“God the Father” has not been a perfect portrait of the One Presence and One Power that Jesus was trying to introduce, because we conflate it with our human fathers. Not all of us had the warm, close, communicative, trusting relationship Jesus apparently had with his earthly dad. (Joseph?)

God and Men

I had a fascinating conversation just last week about male spirituality.

A couple of wacky guys named Darrell and Ed host a new show on Unity Online Radio called Funniest Thing, where they talk about how surprisingly well life works if they let go and let God handle it. The secondary theme is that men can be spiritual, too. Men even pray, they say!

I asked them why men are shy about prayer and don't attend churches, buy books, or go to workshops nearly as often as women. Why is spirituality considered un-masculine? Especially since we've had this Big Male God for 5,000 years!

They invited me on the show to talk about it – you can listen here; it's the first 20 minutes – and told stories of their human fathers.

Darrell's dad was a New Jersey tough who taught Darrell he'd have to fight and claw his way through life. Never smile, he said. It's a sign of weakness.

Ed's dad was more benevolent, but his family valued intellect. Leaning on God might mean you weren't smart enough to handle life yourself.

Now Darrell and Ed are out of the closet as spiritual men. Darrell is ex-military, they're both married, and they both pray. They turn to the divine for help in their lives. They'll say so publicly on the Internet! But they're still self-conscious enough to mention every week that it's really okay for men to trust God.

Wow. All these millennia of patriarchy, of a world crazily unbalanced and dominated by one gender, has been just as damaging to men as women.

So now what?

The answer is not to tout the divine feminine as superior or for women to rise up and dominate men. The answer is balance. And the good news is: We were created with it.

“God created humankind in his image, male and female he created them.” (Gen. 1:27)

The masculine and feminine are hard-wired into each of us. We have the nature of both, thinking and feeling, and it would be a shame to neglect either set of attributes, either side of God in us. We are the flesh and blood of God, humans blended with the divine.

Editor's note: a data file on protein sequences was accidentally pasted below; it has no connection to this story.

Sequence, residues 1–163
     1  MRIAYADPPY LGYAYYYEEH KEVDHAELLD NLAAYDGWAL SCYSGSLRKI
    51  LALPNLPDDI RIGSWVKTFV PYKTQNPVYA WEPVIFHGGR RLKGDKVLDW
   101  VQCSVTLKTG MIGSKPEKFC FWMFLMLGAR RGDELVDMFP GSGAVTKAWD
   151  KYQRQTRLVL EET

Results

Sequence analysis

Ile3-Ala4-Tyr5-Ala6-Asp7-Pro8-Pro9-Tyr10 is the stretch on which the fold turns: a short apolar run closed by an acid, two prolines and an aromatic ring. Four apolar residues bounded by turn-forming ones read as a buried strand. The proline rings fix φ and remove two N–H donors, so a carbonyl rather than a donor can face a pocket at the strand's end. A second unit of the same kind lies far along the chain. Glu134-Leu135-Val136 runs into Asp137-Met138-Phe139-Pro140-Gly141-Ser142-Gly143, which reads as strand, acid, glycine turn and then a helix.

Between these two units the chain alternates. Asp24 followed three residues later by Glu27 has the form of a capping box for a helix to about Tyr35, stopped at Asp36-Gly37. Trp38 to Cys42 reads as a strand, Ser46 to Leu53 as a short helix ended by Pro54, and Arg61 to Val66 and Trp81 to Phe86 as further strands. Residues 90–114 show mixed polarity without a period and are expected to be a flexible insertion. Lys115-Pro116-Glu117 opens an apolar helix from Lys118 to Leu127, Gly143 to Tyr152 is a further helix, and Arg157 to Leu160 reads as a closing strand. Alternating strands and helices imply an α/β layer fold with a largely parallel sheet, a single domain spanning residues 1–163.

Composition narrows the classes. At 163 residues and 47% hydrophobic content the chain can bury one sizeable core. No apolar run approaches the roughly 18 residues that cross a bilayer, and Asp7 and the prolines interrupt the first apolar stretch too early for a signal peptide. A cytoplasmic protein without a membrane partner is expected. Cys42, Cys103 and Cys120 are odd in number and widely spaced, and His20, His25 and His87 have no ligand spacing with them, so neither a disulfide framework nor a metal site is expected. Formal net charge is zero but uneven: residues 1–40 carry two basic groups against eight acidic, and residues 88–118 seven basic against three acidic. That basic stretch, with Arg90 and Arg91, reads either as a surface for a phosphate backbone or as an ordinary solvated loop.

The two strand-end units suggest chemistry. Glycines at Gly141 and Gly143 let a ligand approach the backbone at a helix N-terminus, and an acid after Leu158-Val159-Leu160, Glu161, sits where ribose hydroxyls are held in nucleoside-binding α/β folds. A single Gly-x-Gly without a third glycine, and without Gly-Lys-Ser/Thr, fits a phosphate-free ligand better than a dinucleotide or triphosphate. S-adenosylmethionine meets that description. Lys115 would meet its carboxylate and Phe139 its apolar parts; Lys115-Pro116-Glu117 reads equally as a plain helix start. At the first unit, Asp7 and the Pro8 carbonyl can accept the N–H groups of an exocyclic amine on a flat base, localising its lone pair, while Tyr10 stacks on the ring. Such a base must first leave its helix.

Jesus used the word “father” to represent that closeness and to give us a sense of the security and generosity available in the universe. He was reassuring us the universe is friendly. As safe as a loving father.

Maybe some of us can make friends again with God the Father, the ground of being that comprises more than we can see or imagine. We are part of that whole. Strong and logical, loving and nurturing. The image and likeness of God.

PS - Really, guys, is prayer considered a weakness? Please add your thoughts. (Click that tiny blue number, lower right.)


How Do You Release the Bad Stuff?

Posted June 10, 2013

butterflyIf I've said it once, I've said it a thousand times: Release your negative beliefs to make way for your good!

Release the fear, unworthiness and old tapes that keep you from allowing something better into your life. Release whatever blocks the answers to your prayers or desires.

And the other day, someone asked me: How?

How exactly do we release the bad stuff?

We know that hanging onto to old negative beliefs has worn grooves into our brains. We know in the great cosmic scheme of things that we can't receive more good until we clear out the clutter in our psychic space.

But how do we go about this?

I've come up with three steps of preparation and five for release. (If you're interested in more detail, you may listen to a talk I gave about this on June 9, 2013.)

You might not want to call any part of yourself “bad.” Fine. Call it unskilled, unhealthy, unwise, no longer useful. But I believe we each can identify traits or beliefs we'd be better off without.